Mental health strategies for the workplace
13 February 2019
18 February 2019
Dr Clara Seeger
In this Insurance Institute of London (IIL) inclusion & diversity lecture Phil Toogood (Mindfulness, Neuroscience & Emotional Intelligence Performance Coach, Cranfield Phillips) and Dr Clara Seeger (Mindfulness, Neuroscience & Emotional Intelligence Performance Coach, Cranfield Phillips) introduced mindfulness as a way of cultivating greater mental balance. This was done through establishing a new baseline of sanity, beyond our habitual mental tendencies to be either task-focused or to fall into our default mode of rumination, obsessive thinking and mind wandering.
Phil and Dr Clara outlined addiction to stimulation and obsessive doing and illustrate, by way of neuroscience, the functioning as well as the limitation inherent in our brain's executive centre. This part of the brain is involved in the task-positive network, i.e. when we are consciously working on a task. It is energy-intensive and fatigues easily, shedding a new light on excessively long working days. Subsequently they then explained what happens in the brain when we are not focused on a specific task. We tend to ruminate, mind wander, fantasise, catastrophise, etc., often with a negative flavour. This is the baseline for most people and is called the Default Mode Network in neuroscience, a network that has been associated with several pathological mental conditions (Alzheimers, ADHD, etc.).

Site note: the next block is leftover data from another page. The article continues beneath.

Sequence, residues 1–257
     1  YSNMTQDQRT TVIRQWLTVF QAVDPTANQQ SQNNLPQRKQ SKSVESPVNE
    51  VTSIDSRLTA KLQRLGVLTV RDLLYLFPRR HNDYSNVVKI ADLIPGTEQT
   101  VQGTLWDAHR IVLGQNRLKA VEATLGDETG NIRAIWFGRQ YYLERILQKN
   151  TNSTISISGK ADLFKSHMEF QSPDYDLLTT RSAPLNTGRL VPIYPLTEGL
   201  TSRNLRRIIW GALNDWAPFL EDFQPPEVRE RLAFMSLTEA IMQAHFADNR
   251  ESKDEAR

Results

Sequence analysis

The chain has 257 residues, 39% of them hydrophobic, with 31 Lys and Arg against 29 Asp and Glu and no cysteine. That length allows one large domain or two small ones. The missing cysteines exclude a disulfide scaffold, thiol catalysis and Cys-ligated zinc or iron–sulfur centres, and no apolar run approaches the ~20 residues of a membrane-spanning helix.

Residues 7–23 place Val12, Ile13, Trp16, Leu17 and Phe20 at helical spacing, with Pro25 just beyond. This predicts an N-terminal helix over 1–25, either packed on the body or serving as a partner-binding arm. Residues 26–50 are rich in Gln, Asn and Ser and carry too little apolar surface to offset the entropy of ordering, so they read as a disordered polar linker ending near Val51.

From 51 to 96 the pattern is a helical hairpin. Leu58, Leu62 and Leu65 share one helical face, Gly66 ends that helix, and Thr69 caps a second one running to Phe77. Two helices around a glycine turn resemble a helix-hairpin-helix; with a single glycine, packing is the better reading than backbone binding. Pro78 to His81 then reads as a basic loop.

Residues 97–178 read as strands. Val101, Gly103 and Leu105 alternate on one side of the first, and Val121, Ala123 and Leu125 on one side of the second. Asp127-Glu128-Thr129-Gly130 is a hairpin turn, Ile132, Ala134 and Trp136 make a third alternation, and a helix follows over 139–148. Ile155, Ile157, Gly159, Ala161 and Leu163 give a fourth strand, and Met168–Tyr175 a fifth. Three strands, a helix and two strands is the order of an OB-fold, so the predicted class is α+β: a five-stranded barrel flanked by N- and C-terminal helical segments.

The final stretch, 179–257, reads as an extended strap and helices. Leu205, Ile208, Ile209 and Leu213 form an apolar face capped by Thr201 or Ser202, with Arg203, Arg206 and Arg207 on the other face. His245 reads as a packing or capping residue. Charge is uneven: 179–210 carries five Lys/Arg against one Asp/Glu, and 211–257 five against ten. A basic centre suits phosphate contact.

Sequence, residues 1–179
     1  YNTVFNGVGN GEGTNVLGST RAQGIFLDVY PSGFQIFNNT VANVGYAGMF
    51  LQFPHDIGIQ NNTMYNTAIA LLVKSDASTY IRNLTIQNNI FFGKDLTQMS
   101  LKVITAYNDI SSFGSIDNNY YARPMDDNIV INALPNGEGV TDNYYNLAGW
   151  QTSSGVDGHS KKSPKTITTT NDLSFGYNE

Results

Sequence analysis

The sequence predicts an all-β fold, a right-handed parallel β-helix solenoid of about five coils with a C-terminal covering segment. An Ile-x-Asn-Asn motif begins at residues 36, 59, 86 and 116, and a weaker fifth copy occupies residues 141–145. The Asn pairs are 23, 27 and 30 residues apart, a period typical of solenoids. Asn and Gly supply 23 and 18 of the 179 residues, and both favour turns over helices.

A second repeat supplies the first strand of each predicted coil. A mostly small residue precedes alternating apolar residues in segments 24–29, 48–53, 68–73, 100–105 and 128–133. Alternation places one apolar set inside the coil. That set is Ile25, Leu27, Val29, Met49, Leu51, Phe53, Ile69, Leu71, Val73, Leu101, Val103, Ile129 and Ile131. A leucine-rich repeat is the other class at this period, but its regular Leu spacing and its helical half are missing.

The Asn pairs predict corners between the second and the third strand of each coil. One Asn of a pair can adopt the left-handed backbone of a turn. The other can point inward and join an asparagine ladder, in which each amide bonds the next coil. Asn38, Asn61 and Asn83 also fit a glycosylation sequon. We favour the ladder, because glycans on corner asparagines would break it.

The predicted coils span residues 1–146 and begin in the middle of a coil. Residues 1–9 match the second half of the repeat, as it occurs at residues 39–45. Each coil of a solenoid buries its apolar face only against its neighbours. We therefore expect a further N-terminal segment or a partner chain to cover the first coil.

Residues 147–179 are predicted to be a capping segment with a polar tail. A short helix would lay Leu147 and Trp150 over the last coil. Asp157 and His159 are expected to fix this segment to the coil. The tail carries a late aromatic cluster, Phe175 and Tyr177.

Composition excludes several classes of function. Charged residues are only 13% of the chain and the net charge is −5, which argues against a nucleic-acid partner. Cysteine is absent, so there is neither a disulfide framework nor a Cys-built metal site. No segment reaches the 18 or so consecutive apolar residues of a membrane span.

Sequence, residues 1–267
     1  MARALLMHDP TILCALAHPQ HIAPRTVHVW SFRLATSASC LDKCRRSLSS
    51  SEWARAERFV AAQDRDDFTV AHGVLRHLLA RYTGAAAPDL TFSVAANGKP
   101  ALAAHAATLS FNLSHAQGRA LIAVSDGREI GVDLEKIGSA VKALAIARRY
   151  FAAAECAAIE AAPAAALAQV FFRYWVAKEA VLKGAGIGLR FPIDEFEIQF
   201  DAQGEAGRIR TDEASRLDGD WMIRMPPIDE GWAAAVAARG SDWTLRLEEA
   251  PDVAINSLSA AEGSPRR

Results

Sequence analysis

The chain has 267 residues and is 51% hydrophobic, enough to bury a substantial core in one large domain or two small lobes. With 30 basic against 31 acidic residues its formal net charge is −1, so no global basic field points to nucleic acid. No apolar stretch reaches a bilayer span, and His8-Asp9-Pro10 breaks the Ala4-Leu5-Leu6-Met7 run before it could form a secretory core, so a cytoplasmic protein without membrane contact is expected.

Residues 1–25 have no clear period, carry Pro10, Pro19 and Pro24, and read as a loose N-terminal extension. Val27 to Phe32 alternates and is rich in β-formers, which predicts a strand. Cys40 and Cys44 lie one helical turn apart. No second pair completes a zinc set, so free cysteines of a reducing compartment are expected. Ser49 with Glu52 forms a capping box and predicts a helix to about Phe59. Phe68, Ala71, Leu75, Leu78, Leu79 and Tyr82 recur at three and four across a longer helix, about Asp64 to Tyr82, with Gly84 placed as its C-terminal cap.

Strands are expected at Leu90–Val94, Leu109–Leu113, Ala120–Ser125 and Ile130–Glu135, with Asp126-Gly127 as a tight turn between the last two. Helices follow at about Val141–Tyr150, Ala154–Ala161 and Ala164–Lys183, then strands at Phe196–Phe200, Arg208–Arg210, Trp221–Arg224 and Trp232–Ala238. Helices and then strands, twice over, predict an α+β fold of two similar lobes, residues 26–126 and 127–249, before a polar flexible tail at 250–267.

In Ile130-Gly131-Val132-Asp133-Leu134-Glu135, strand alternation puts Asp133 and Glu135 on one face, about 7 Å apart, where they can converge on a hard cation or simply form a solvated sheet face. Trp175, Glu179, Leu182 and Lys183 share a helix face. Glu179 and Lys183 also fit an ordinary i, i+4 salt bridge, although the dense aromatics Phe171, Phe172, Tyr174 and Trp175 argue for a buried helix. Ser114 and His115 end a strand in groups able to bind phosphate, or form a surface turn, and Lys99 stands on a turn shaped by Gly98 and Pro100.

They then talked about mindfulness and its neural correlates as a difference mind mode, which has been associated with numerous health benefits for practitioners. Rather than being focused on obsessive doing or compulsive thinking, this practice engages the brain in a different way, its focus on 'being' rather than doing. The lecture concluded with a guided mindfulness practice that can be practiced any time in order to cultivate a new, healthier baseline of the mind.
By the end of this lecture members will have gained an insight into:
- The perils of productivity: the limitations of our executive brain and the dangers inherent in working against your brain
- Why switching off is not always restful: the risks of a mind let loose
- How mindfulness can help us overcome the dysfunctions of our habitual mind and how to practise it
Duration: 43 minutes
This document is believed to be accurate but is not intended as a basis of knowledge upon which advice can be given. Neither the author (personal or corporate), the CII group, local institute or Society, or any of the officers or employees of those organisations accept any responsibility for any loss occasioned to any person acting or refraining from action as a result of the data or opinions included in this material. Opinions expressed are those of the author or authors and not necessarily those of the CII group, local institutes, or Societies.